We might see, in the first instance, that the work of building popular power against the structures of racial and class oppression must be institution-building and institution-proliferating work, not a mad rush to dismantle forms of political mediation. From the myriad of civil rights organizations built and sustained through the mid-twentieth century, to the cultivation of informal spaces like the mass meeting, to the partnerships and coalitions operating across class, regional, and racial lines, the black freedom movement’s mode of populist organizing is not well captured by the conventional model—a partisan leader mobilizing a constituency by claiming to speak for the people in direct and unmediated terms. The organizations of the civil rights movement operated largely independently from the centralized structures of party politics, while they looked, creatively and strategically, for ways to interface with and transform them. They could not count on the sympathy of political representatives or the protection of state institutions, but neither could they afford to abandon them as sites of struggle.
Consider the Freedom Vote of 1963 and the effort to seat the delegates from the Mississippi Freedom Democratic Party in 1964. These efforts did not just contest stereotypes about black voter apathy or challenge the formal racial disenfranchisement of Mississippi’s all-white primary. As SNCC organizer Robert Moses described it, registering voters provided a means of cultivating democratic agency amongst ordinary black citizens—instilling the notion, as he put it, that “we can qualify ourselves.” The effort was premised on and productive of a populist analysis of how the alliance of capitalist power, legal-political abandonment, and everyday racial violence conspired to disempower black communities and disfigure white ones with an entrenched system that served the few and not the many, and maintained a racially delimited and violently enforced vision of “the people.” With a powerful critique of the state’s ongoing investment in racial hierarchy and involvement in racial violence, the movement’s broader vision doubled down on an idea of how state institutions and social relations could be transformed for everyone by attacking the “malignant kinship” (as Martin Luther King, Jr., called it) of racism and capitalism.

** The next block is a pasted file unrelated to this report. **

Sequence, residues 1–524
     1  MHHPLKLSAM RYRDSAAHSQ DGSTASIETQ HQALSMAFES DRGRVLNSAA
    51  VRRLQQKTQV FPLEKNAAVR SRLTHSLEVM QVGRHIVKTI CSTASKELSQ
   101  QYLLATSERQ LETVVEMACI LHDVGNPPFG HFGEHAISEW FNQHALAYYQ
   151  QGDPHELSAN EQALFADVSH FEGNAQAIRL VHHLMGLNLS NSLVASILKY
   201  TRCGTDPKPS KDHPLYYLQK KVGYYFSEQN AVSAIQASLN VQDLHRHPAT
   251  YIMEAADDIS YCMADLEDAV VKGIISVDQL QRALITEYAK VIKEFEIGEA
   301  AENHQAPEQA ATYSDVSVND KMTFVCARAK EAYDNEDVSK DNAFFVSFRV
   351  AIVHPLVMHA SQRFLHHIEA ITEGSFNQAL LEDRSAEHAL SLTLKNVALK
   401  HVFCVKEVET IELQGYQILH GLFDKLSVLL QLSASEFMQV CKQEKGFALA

The civil rights movement offers a dramatic and radical revision of the powerful but problematic producerist and majoritarian claims underpinning most white populisms. Instead of a claim about a majority of “virtuous makers” and greedy (racially othered) “takers,” civil rights leaders like King articulated a critique of the mechanisms of racial violence and economic exploitation that amassed national wealth on the backs of black communities, and they offered a retelling of American history that placed black Americans at its center. As he wrote in his 1964 book, Why We Can’t Wait:
Before the Pilgrims landed at Plymouth we were here. Before the pen of Jefferson etched across the pages of history the majestic words of the Declaration of Independence, we were here. For more than two centuries our foreparents labored in this country without wages; they made cotton king; and they built the homes of their masters in the midst of brutal injustice and shameful humiliation—and yet out of a bottomless vitality they continued to thrive and develop.